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Locked in and locked out

  • 23 March 2021
I am a refugee from Afghanistan, and I belong to a minority ethnic group, the Hazaras. We have been persecuted for a long time because of our ethnicity, religion, and values. In 2012, I was forced to leave Afghanistan. I was 17. Back home, my father was a medical doctor. The Taliban accused him of working with international armed forces in the country at the time. One day the Taliban took him away, and nobody has seen him since.  

The accusations against my father meant that the whole family was ‘criminal’ in the Taliban’s eyes. We had to repay them in blood. They kept contacting us and saying that I had to report to them. My mother knew that if I did report to them, they would kill me. She did what any mother would do and decided to send me to a safe country.

We learned quickly that safe countries were not issuing visas to Afghan citizens. I had no choice but to attempt a much more dangerous and uncertain journey, crossing many borders, travelling by plane, train, car, boat, and by foot, often for days in the middle of the night. I knew the chance of survival was rare and that I would end up detained or even dead. But I had no choice.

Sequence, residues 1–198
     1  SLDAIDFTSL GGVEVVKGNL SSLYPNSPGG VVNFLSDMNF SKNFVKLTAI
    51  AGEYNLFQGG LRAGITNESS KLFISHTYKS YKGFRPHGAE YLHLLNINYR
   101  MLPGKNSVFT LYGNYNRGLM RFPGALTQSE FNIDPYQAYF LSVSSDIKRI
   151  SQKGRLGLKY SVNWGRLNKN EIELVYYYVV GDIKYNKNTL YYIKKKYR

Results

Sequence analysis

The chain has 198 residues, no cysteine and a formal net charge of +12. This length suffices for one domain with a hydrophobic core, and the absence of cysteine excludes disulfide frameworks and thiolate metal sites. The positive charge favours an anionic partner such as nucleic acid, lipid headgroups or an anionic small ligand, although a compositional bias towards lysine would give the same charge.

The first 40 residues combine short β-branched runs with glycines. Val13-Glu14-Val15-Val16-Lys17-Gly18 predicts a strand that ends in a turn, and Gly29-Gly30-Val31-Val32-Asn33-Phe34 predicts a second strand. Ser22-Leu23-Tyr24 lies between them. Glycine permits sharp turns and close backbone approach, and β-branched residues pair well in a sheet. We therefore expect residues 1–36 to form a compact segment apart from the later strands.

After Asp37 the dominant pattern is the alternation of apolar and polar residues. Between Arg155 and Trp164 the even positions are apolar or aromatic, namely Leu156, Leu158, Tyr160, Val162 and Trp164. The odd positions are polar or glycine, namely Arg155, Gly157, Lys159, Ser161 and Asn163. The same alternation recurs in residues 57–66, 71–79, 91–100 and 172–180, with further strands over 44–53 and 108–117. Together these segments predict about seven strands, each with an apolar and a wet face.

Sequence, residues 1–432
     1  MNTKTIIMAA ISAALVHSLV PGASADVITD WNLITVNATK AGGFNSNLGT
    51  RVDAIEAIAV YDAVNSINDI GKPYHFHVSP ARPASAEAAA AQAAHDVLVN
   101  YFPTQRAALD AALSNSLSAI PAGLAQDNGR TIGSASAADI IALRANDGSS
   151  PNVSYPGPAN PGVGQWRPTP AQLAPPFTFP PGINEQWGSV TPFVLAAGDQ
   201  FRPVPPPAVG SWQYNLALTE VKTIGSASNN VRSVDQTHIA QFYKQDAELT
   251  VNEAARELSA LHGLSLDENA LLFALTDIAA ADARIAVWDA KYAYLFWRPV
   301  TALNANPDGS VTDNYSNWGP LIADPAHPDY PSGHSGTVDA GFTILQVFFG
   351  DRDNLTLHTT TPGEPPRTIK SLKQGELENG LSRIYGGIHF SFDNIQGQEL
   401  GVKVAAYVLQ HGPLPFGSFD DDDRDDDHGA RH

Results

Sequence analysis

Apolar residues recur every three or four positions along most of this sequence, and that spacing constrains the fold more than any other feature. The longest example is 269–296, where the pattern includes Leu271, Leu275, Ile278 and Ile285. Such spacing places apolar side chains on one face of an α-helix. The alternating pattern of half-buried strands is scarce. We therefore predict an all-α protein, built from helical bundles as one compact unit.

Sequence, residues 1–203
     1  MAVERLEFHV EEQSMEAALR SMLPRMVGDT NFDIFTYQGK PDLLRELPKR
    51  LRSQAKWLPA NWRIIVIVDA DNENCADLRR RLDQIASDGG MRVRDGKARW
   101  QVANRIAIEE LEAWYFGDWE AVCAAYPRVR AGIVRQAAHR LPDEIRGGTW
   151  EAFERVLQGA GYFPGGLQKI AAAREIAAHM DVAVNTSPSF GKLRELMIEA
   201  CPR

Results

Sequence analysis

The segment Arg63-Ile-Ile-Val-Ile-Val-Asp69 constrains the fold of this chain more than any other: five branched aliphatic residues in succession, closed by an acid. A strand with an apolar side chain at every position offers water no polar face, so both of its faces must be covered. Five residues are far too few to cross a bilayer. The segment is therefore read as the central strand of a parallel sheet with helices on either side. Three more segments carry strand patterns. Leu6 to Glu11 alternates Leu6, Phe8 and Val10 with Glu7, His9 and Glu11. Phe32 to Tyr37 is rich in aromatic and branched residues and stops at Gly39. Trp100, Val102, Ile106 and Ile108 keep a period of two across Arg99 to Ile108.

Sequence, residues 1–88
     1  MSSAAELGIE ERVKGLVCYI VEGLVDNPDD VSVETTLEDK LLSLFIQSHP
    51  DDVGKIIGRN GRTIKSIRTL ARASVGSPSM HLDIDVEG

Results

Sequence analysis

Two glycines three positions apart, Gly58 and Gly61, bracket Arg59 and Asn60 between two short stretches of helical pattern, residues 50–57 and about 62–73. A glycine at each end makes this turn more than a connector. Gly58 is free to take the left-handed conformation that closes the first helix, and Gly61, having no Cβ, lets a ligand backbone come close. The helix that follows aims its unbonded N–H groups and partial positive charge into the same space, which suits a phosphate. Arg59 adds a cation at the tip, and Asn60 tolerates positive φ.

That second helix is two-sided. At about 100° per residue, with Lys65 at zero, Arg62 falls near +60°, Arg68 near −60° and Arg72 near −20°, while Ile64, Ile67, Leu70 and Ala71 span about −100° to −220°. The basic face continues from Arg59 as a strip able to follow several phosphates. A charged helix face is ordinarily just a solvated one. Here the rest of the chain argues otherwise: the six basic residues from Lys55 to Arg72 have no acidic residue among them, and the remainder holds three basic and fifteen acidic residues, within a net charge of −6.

At the time, I was very young. I had never travelled by myself. I did not know where I was going, how long the journey would be, who I was going to meet on the way, and how to trust those we were paying to get me to safety.

I can never forget the day that I left my family, home, country, and my community. On that day, I felt that I would never see them again. Even today I feel that part of my life is missing.

My journey to safety was full of profoundly scary moments, moments I thought my life would end. I remember being on a fishing boat to Australia. The boat had the capacity to carry 30 people but was carrying 90. Hours after we departed, the engine broke down. We were lost in the middle of the sea, at the mercy of the waves. The people on board felt much tension, anger, despair.

'I remember thinking: these are the last moments of my life. My life is ending here in the middle of the sea. I will not be able to see my